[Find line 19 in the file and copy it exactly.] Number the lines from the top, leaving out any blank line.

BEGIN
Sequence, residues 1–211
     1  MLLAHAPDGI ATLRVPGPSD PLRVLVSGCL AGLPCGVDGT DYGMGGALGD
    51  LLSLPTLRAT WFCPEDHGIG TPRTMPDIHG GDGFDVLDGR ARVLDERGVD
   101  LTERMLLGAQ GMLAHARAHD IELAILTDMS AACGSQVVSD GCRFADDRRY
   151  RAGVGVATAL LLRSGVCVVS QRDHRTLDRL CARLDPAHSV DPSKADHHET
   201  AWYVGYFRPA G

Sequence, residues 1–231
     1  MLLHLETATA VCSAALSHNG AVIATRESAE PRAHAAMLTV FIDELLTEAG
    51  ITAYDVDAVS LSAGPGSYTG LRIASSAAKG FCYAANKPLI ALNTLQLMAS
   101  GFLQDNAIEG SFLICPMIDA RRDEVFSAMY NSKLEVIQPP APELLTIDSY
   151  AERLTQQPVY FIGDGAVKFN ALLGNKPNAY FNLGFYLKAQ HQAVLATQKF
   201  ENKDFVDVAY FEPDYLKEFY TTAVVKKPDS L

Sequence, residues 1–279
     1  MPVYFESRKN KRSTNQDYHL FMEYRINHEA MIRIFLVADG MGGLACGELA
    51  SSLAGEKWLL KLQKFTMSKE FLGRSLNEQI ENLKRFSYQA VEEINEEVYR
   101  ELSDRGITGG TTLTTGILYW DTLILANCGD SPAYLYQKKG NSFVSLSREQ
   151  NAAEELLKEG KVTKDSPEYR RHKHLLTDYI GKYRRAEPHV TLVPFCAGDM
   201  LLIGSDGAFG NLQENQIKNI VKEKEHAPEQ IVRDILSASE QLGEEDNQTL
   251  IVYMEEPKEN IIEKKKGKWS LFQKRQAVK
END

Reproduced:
   251  IVYMEEPKEN IIEKKKGKWS LFQKRQAVK